The Acrysof Restor IOL (Alcon Laboratories, Inc., Fort Worth, TX) (Figure 1) received FDA approval in March 2005. Using unique apodized diffractive and refractive technology, this multifocal lens is designed to provide excellent distance and reading vision. In addition, patients' intermediate vision at 50 to 70cm is quite good, and the vast majority of subjects who underwent implantation of this lens in the FDA study achieved complete independence from their spectacles.
The optical function of an apodized optic is gradually modified from the center of the lens to its edge. This technology is used in microscopy and astronomy in order to improve image quality. The central 3.6mm of the Restor is apodized with diffractive steps that gradually decrease from 1.3 to 0.2µm in height. The performance of the lens is similar regardless of pupil size, so candidates for implantation are not limited by the diameter of their pupil. Because the lens provides a wide range of high-quality vision, most patients obtain a UCVA of 20/40 or better at near, intermediate, and distance.
FDA STUDY RESULTS
In the FDA study, 465 patients underwent bilateral IOL implantation, with 340 patients receiving the multipiece (MA60D3) and 125 receiving the single-piece (SA60D3) design. Both the Restor and the control group achieved excellent uncorrected distance acuity. The Restor patients, however, had dramatically superior near vision when compared to the control group.
Specifically, 82.4% of the Restor patients attained an uncorrected distance acuity of 20/25 and a near acuity of J2 (20/32) or better compared with 22.7% of the controls. When corrected for distance, 92.4% of the study patients and 15.9% of the controls achieved these levels of acuity. Intermediate acuity at 50, 60, and 70cm was 20/40 or better in 82.4%, 85.3%, and 67.6% of Restor patients, respectively.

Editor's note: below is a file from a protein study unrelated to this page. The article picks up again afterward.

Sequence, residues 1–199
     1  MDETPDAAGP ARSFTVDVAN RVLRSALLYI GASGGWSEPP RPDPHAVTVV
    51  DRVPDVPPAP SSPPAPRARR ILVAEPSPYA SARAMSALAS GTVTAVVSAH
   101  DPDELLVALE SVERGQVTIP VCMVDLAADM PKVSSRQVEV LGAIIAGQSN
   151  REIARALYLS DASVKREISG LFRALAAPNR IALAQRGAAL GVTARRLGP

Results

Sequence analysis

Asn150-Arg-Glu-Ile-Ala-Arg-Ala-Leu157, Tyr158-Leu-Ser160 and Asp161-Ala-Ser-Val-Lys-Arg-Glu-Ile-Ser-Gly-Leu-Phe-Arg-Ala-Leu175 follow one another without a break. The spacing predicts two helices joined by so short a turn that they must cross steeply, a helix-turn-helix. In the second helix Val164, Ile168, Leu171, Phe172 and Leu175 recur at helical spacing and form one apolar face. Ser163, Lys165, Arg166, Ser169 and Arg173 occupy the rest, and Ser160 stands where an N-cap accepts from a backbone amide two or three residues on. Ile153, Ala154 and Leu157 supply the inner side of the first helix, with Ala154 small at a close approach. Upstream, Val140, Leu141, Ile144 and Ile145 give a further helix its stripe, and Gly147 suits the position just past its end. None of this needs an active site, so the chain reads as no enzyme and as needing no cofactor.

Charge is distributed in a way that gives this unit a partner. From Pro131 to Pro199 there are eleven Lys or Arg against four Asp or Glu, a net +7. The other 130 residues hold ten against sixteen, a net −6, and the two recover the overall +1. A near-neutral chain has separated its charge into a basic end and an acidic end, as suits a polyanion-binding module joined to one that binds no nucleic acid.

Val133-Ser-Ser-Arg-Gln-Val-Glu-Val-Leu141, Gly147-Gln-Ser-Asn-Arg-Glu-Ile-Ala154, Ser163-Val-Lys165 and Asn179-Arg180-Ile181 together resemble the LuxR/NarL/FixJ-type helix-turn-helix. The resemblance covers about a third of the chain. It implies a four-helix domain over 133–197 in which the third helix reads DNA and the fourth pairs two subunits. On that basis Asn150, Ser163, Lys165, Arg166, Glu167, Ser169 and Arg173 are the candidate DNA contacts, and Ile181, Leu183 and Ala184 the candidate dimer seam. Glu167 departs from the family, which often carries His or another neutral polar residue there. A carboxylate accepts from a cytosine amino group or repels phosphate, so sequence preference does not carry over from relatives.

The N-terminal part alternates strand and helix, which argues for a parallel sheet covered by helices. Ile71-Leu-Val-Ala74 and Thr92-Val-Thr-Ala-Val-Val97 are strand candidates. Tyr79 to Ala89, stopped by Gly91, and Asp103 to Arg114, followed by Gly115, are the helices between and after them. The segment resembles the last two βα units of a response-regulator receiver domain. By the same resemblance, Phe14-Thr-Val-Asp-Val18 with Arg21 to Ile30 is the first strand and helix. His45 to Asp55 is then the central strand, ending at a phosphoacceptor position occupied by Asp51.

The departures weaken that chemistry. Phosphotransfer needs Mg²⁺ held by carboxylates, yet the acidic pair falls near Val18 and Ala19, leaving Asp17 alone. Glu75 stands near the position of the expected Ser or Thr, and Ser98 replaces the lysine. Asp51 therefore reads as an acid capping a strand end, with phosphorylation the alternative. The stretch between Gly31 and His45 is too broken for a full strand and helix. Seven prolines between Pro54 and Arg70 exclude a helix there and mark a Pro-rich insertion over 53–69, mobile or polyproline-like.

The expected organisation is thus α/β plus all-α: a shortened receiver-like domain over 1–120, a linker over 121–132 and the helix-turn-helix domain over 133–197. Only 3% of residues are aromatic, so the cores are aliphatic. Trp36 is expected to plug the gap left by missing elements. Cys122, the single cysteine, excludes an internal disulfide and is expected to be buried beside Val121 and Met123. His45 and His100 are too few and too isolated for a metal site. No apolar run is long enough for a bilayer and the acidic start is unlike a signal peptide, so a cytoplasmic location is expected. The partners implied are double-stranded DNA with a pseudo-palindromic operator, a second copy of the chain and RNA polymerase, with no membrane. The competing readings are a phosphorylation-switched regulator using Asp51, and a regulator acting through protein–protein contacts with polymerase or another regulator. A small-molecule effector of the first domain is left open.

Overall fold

There were no clinically significant differences in either photopic or mesopic contrast sensitivity tests between the Restor and control subjects. The incidence of severe night vision problems (glare and halos) was approximately 5% in Restor patients and 1% to 2% in the monofocal control group. The problem did not appear to be related to postoperative pupil size, IOL power, or corneal topographic features. Surgeons implanting the Restor IOL should therefore inform all patients preoperatively that they may have nighttime visual problems after surgery. Patients should understand that, in such instances, it may be necessary to replace the multifocal with a monofocal lens.
The results of the FDA study indicate that the Acrysof Restor IOL provides excellent vision at distance and near and very good intermediate acuity. Eighty percent of study subjects reported never using spectacles after the bilateral implantation of this multifocal lens, and an additional 17% reported that they sometimes used glasses (Figure 2). Overall patient satisfaction was high, with greater than 93% of study patients indicating that they would again undergo implantation of this lens.
Richard J. Mackool, MD, is Director of the Mackool Eye Institute and Laser Center in Astoria, New York. He is a consultant to Alcon Laboratories, Inc., but states that he holds no financial interest in the products mentioned herein. Dr. Mackool may be reached at (718) 728-3400 ext. 256; firstname.lastname@example.org.